Internet Scam Cracked Open in Oprah’s Name

     SEATTLE (CN) – A federal judge threw the brakes on several online businesses run by a Canadian man accused of cheating consumers out of more than $467 million and faking endorsements from Oprah Winfrey and Rachael Ray.
     The Federal Trade Commission requested the preliminary injunction and asset freeze against Jesse Willms, who allegedly conceived a number of Internet scams that “varied widely, from teeth whiteners and quick weight loss products to work-at-home schemes and penny auctions.” Tuesday’s injunction also applies to five alleged co-conspirators and 10 companies that Willms either owns or controls.
     Regardless of the product or service offered, Willms and the others “induce customers to enter their credit or debit card information by making false claims about the nature of the offer, including the total cost to the consumer, recurring monthly charges that the Willms defendants make to the consumer’s account, and the availability of refunds,” according to the FTC’s amended complaint.
     The commission also said Willms gets consumers’ credit card numbers by obscuring critical information about the terms and conditions of supposedly free offers. Such text “is displayed in small fonts, using pale colors that are difficult to view,” and “the information hidden in lengthy and dense prose that is difficult to understand,” according to the complaint.
     As in other “free trial” scams, consumers who did not cancel their trial offer within a certain time period were hit with unexpected monthly fees.
     Despite “money-back guarantees,” consumers only received refunds after complaining to law enforcement or the Better Business Bureau, according to the FTC. Even in those cases, they allegedly received only partial refunds.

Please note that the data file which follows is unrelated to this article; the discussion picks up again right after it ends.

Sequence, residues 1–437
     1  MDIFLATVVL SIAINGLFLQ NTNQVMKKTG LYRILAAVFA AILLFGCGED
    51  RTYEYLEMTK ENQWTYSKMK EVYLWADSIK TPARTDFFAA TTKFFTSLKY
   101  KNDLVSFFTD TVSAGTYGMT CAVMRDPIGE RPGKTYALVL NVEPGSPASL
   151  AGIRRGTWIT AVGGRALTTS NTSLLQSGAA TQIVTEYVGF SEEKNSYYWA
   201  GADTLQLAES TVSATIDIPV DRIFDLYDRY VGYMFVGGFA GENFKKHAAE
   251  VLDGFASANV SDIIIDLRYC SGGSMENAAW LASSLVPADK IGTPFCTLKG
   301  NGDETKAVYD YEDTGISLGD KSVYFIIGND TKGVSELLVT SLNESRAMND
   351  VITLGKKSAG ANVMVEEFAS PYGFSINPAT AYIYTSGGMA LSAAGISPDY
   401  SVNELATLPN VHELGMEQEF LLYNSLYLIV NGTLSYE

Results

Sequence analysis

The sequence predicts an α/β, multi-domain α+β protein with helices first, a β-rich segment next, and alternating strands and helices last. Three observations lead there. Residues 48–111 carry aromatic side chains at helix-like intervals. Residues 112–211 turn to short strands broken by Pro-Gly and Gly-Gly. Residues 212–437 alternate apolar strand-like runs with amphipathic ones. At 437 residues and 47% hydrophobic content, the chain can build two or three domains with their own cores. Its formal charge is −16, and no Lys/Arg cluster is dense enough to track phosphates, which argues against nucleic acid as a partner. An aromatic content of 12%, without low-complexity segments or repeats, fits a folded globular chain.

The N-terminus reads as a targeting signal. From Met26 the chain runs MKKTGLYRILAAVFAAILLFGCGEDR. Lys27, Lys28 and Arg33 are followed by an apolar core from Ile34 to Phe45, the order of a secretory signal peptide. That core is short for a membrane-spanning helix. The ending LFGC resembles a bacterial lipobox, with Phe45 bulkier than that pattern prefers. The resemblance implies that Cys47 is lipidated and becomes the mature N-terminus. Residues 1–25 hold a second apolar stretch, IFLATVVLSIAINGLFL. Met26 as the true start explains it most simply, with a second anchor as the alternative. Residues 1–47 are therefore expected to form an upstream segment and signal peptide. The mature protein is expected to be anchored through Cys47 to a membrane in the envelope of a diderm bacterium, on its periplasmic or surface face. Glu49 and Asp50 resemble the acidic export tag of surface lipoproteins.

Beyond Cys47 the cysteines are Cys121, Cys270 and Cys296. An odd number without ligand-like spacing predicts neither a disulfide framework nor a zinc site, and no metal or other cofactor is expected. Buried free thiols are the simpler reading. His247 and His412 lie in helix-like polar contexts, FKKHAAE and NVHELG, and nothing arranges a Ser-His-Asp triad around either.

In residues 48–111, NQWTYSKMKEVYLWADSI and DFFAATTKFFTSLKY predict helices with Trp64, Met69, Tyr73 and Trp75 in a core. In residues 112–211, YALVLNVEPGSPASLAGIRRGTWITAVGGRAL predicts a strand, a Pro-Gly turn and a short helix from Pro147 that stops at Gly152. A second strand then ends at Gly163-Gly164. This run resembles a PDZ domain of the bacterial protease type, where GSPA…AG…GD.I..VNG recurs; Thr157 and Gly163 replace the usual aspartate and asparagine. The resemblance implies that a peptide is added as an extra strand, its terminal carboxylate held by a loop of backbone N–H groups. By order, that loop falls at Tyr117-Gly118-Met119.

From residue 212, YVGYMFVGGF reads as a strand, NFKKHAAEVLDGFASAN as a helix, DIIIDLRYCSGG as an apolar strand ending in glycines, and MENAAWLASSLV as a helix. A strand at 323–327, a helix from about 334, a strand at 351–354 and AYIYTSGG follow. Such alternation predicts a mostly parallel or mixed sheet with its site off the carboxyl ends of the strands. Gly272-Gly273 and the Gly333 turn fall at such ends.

Some of Willms’ websites for acai weight-loss products display pictures of Oprah Winfrey and Rachael Ray, claiming that the celebrities gave their endorsements.
     U.S. District Judge Marsha Pechman said the FTC submitted ample evidence to support an injunction and prove that Willms and others likely violated the Fair Trade Practices Act with their past and current websites.
     The judge rejected the defendants’ argument that their current websites are not deceptive, pointing to ample evidence from the FTC that the sites still do not disclose the charges.
     Among other things, the injunction prohibits Willms and others from offering any products or services as a “free trial” or “bonus.” They also cannot misrepresent costs or make claims about any product’s performance, benefits or safety.
     Since the FTC found email exchanges showing that “funds were likely transferred from Willms’ accounts to Cyprus and possibly for the purpose of hiding assets,” Pechman said she had a strong basis to freeze Willms’ assets.
     The first page of Google search results for “Jesse Willms” shows a number of apparently self-created blogs about his alleged charity work and views on Internet ethics, with page titles such as “The Truth about Jesse Willms” and “Jesse Willms Headlines.” On one such page, he refers to himself as an “Internet Good Guy.”
     “I understand there are no shortcuts in life, and I believe that fundamentally every successful business must focus on product value and customer satisfaction,” the introduction to JesseWillms.com reads. “The key is combining innovative ideas and relentless hard work, while always keeping a customer service focus.”

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